Businessman Admits Obtaining Loans Based on Fraudulent Information

Allison Tussey —  July 15, 2014 — 3 Comments

Pedro “Pete” Benevides, 44, Astatula, Florida, pleaded guilty to conspiracy to commit bank fraud and faces a maximum penalty of 30 years in federal prison for his role in obtaining 20 commercial and residential loans based on false information and documents.

Benevides also agreed to pay full restitution to the financial institutions that were the victims of his offense. In addition, he agreed to forfeit $44,059,565, including several bank accounts holding approximately $40,000,000 in cash, and three exotic sports cars (i.e. a 2008 Lamborghini Murcielago; a 2009 Audi R8; and a 2009 Lamborghini Gallardo).

According to the plea agreement, from about 2005 through September 2008, Benevides obtained 20 commercial and residential loans and lines of credit from several federally insured financial institutions, totaling approximately $44,049,565. Benevides obtained the fraudulent loans by giving the financial institutions documents that, among other things, contained false information concerning the income and assets of Benevides or the business that he used to obtain the loans and lines of credit.

During that time, Benevides controlled several Central Florida businesses, including a private jet charter service, an exotic car rental service, and hotels in Orange County and Pinellas County, Florida. Those companies included Superior International Investment Corporation; ABC Auto Wholesalers, Inc.; Skyview Aviation, Inc.; Fidelity Investment Group LLC; PBJB Best Investment LLC; Divello Family LLC; and Leesburg Title and Escrow Company. Benevides then used the fraudulently-obtained funds for his own purposes, including paying the interest and principal on other, earlier loans that he had obtained in order to continue the fraudulent scheme, paying business expenses, paying the other co-conspirators involved in the scheme, and funding living expenses for himself and his family.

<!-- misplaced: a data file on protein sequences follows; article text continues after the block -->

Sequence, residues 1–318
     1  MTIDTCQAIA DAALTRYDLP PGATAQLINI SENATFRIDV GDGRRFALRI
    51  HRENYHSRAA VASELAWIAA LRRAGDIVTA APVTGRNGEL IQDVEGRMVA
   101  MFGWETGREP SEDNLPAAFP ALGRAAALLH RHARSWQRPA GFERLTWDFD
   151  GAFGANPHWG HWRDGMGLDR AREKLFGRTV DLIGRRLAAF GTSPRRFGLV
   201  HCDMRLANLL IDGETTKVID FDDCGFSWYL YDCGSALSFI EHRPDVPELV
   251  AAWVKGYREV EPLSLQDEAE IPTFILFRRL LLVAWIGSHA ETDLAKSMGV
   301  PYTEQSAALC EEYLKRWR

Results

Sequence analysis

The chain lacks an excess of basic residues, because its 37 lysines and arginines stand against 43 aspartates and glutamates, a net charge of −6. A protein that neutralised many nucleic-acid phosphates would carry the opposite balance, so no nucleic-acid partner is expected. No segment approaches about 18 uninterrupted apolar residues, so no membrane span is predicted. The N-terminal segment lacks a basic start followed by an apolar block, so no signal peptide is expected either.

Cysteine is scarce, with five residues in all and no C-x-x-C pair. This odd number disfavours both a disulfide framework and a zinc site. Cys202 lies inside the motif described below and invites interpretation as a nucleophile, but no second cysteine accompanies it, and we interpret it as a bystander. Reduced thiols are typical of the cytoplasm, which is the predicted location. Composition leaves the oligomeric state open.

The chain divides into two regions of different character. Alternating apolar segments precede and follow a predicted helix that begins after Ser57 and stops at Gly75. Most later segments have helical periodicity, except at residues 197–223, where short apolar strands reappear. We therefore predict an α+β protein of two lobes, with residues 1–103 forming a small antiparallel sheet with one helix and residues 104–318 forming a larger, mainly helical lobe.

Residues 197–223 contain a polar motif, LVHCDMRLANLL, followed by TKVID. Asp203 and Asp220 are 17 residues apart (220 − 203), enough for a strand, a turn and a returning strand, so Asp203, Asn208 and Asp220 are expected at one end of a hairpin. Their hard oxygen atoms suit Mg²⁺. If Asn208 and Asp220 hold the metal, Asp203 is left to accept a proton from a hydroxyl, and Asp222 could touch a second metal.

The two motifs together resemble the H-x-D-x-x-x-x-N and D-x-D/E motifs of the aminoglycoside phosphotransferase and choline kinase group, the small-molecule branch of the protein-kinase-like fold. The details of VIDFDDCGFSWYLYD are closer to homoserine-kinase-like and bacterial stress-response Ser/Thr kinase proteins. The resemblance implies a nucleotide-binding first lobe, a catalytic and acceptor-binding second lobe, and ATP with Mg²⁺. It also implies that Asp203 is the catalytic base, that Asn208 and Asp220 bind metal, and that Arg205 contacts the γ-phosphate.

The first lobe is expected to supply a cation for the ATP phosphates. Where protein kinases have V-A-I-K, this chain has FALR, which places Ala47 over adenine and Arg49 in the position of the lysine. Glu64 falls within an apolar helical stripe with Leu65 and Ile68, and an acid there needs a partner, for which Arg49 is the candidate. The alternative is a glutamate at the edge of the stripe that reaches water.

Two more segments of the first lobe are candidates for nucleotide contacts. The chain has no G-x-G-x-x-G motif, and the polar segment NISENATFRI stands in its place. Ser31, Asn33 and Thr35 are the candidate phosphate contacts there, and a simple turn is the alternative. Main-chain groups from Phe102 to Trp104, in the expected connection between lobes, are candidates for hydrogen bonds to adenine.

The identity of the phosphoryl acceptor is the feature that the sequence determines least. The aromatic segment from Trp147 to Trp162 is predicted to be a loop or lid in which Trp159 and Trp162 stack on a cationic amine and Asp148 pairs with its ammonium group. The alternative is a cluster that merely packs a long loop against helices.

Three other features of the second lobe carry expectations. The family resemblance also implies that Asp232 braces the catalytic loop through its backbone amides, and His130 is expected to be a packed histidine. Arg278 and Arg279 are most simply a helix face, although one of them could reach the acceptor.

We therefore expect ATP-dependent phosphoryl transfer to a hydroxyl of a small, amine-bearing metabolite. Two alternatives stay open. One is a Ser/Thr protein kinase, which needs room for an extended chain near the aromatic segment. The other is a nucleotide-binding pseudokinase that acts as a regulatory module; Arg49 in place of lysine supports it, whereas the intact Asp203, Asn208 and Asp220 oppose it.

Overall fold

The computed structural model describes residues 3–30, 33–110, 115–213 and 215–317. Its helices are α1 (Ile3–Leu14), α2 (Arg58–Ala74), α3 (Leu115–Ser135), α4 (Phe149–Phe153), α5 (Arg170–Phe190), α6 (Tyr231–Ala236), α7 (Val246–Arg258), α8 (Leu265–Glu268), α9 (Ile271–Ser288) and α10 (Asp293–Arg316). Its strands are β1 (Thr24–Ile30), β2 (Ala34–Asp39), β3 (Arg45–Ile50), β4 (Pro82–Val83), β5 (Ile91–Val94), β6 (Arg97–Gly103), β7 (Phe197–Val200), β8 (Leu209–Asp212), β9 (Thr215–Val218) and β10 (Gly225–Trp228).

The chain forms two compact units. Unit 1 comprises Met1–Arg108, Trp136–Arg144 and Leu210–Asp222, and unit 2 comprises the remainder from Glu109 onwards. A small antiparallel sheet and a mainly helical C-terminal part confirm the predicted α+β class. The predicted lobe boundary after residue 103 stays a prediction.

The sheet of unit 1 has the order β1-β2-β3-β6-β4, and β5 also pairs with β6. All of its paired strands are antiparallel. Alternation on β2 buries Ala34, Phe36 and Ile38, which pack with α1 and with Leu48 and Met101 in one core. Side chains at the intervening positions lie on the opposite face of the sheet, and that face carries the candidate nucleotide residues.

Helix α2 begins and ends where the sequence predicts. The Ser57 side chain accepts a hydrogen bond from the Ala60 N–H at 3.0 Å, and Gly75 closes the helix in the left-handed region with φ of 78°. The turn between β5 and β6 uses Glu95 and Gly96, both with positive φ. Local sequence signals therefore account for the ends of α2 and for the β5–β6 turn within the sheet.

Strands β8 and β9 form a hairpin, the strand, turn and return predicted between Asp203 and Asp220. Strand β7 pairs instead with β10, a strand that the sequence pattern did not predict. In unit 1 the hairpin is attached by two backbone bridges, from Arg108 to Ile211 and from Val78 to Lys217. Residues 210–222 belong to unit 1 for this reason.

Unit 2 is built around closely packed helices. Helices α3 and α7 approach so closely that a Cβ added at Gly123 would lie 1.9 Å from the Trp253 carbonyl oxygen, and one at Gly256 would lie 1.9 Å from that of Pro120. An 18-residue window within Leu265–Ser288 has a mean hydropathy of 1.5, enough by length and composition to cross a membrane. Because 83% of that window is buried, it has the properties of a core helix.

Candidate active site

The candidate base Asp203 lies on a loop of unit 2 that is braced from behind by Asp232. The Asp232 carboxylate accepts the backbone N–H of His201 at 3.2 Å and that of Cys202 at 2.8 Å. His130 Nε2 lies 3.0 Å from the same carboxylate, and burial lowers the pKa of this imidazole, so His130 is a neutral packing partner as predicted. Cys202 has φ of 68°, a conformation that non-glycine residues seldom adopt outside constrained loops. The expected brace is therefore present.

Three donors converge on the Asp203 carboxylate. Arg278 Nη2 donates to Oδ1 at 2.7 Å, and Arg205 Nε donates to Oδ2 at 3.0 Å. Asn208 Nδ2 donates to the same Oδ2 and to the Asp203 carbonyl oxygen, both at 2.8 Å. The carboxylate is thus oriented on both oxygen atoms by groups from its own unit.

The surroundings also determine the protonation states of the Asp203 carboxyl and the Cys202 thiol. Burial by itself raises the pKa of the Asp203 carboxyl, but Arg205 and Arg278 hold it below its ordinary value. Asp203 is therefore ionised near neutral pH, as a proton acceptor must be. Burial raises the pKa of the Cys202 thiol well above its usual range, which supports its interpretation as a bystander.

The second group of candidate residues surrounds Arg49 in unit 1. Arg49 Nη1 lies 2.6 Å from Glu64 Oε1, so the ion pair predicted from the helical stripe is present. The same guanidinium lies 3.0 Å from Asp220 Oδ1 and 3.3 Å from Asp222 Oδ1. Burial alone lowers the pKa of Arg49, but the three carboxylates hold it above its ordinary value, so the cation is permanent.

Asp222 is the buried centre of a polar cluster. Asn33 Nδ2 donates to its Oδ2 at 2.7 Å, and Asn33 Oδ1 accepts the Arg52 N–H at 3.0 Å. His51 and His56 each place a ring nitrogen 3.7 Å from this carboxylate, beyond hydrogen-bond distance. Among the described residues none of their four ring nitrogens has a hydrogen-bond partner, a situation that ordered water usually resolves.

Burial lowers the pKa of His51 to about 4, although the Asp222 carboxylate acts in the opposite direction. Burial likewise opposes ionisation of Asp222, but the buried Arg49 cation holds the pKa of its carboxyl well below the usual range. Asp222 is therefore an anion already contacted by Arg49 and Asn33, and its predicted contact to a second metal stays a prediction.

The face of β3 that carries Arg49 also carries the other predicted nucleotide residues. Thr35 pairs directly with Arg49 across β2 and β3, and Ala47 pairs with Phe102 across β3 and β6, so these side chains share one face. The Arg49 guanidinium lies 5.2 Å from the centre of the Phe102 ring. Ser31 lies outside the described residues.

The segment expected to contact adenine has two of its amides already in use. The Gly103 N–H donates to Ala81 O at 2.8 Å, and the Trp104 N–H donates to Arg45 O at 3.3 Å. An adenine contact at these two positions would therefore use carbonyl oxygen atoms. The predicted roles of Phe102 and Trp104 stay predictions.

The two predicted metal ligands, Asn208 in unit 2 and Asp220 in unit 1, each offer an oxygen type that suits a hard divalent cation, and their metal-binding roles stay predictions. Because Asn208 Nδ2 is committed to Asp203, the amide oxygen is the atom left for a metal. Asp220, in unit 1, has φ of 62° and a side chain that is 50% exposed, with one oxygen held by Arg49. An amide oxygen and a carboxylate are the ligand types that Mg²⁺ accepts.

United States Attorney A. Lee Bentley, III announced the guilty plea.

This case was investigated by the Internal Revenue Service (IRS) Criminal Investigation, U.S. Immigration and Customs Enforcement’s (ICE) Homeland Security Investigations (HSI), the United States Secret Service (USSS), and the St. Cloud IRS-USSS Federal Financial Crimes Task Force. It is being prosecuted by Assistant United States Attorneys Daniel C. Irick and James Mandolfo.

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Allison Tussey

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3 responses to Businessman Admits Obtaining Loans Based on Fraudulent Information

  1. Gee why am I not surprised… Working due diligence now, and it is amazing when you see what the stated income/assets were at loan submission, and what they really make while trying to get their loans modified.

  2. Richard Ferris July 16, 2014 at 1:02 pm

    A well known AMC had sent out solicitations for 2055 ext drive by orders for “mortgage servicing” purposes a couple of years back. They offered a generous $125 to start and eventually came up to $225. We declined every single offer of course! As for the borrower – I would think this was just WAY to much work to keep all those bases covered for long! Whenever I read stories like this – I just think of someone spinning plates…more and more plates…..and then I am just glad for my poor simple life. 🙂

  3. Justice is served!!!!!!!!!

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